The Yellow Farmhouse Garden

June 21, 2019

Using agricultural paper mulch in the garden

Filed under: Mulch,Planting,Weeds — Tags: , , — bob @ 2:57 pm

Through the years I’ve used a lot of different kinds of mulch ranging from natural materials like straw or grass to man made materials such as plastic sheeting. The plastic I’ve tried has been in all the colors of the rainbow plus some that aren’t.

They’ve all claimed to have an advantage over plain black plastic. The color red was supposed to enhance tomato production. Light reflecting off of silver was supposed to confuse insect pests and on and on. Maybe there was a small incremental advantage they provided that could be seen over acres of crop, but in the garden I could never detect any.

One thing they all have in common is that they physically suppress weeds by preventing growth or inhibiting seed germination. I’ve settled on run of the mill black plastic.

This year I’m experimenting with agricultural paper mulch. It’s been around for some time — maybe you’ve tried it.  I’ve never thought to use it until I started reading about the problems plastic products in general are causing. Some countries have even threatened to declare war over it. Then there’s the problem of micro-plastics showing up everywhere in the environment.

Paper mulch doesn’t have those kinds of drawbacks. One big advantage is, over the course of a growing season, it will slowly break down. Then when the growing season is over, it can be tilled into the soil saving a lot of work removing it.

There are biodegradable plastic sheet mulch products that farmers use but first generation materials leave behind undesirable by-products in the soil as they decompose. That’s the reason why many of these products are not approved for organic farming. The paper mulch I have has been found to be acceptable by an organic certifying agency.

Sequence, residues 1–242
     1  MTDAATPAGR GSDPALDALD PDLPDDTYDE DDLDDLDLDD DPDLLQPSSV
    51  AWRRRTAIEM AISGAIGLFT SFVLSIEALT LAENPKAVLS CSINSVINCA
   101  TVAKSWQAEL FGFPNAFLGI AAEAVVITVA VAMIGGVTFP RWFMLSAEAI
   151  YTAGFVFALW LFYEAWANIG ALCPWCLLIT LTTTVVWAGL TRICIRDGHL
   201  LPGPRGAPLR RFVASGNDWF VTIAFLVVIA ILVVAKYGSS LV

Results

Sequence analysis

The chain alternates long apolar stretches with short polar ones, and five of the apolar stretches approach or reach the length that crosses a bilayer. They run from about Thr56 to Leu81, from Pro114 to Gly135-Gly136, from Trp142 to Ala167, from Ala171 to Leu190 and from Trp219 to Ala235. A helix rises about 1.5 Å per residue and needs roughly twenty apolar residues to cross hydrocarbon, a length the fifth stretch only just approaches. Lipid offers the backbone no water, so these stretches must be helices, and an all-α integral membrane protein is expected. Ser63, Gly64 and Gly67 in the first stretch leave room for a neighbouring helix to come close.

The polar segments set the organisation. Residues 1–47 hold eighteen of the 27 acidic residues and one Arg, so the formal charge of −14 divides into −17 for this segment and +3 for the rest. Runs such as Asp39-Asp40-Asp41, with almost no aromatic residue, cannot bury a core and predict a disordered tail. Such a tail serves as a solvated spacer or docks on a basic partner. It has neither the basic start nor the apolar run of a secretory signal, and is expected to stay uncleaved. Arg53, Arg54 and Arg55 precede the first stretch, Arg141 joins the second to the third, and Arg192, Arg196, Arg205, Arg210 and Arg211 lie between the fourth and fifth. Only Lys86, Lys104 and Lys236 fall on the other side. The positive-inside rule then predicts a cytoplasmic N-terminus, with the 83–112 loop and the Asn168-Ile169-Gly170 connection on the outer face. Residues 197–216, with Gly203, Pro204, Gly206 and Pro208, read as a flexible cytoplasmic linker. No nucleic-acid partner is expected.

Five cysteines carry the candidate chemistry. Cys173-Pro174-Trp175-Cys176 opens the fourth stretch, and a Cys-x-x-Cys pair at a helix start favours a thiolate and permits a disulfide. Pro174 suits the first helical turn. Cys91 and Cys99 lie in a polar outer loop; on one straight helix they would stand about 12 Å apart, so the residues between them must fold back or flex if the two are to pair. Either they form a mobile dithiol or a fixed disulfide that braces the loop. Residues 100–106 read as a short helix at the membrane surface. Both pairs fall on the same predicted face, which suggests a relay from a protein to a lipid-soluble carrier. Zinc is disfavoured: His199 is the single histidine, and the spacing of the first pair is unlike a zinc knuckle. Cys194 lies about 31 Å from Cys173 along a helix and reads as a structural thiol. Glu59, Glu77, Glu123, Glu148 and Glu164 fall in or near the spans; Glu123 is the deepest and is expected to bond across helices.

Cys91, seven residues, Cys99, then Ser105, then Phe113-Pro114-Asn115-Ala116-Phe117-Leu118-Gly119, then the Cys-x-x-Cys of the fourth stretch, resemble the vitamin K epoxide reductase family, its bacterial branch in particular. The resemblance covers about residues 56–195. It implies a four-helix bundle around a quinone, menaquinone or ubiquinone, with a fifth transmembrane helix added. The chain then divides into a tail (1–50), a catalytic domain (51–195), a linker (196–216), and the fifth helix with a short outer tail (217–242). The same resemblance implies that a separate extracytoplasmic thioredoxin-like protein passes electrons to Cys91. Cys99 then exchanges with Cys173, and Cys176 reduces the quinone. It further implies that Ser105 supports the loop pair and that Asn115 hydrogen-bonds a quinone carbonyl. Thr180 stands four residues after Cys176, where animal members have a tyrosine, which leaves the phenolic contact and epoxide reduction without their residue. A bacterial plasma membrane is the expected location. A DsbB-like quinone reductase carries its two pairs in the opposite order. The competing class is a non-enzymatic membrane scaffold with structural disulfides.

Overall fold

When I opened the box, I expected to see brown paper, sort of like a grocery bag but it has a faint purple hue to it. I don’t know if that is a result of the manufacturing process or if the color was added to differentiate if from other paper products.

Like all kinds of sheet mulch, it’s critical that the edges are firmly secured so the wind doesn’t get under it and tear it or blow it away. Some gardeners pin down their mulches with metal landscape pins. I like to make shallow trenches that accept the edges of the mulch then I’ll bury the edges with soil, sort of like what a farmer’s mulch laying machine would do.

Installing paper mulch is similar to plastic mulch.

Installing paper mulch is similar to plastic mulch.

You have to be a little careful when laying it down. With plastic if you start to veer off course, you can stretch it back in place. Paper does not stretch so any adjustments have to be made slowly over a distance. To minimize any placement issues, I stretch string as a guide when digging my trenches.

Paper mulch cuts easily with a pair of scissors or a utility knife.

Paper mulch cuts easily with a pair of scissors or a utility knife.

It’s important to have a smooth seed bed too so that the paper will lay flat and not have open voids between it and the soil surface.

To plant, I cut an X-shaped opening and fold back the edges of the cut. Then I carefully dig out some soil and place the plant in the hole and fold back the paper.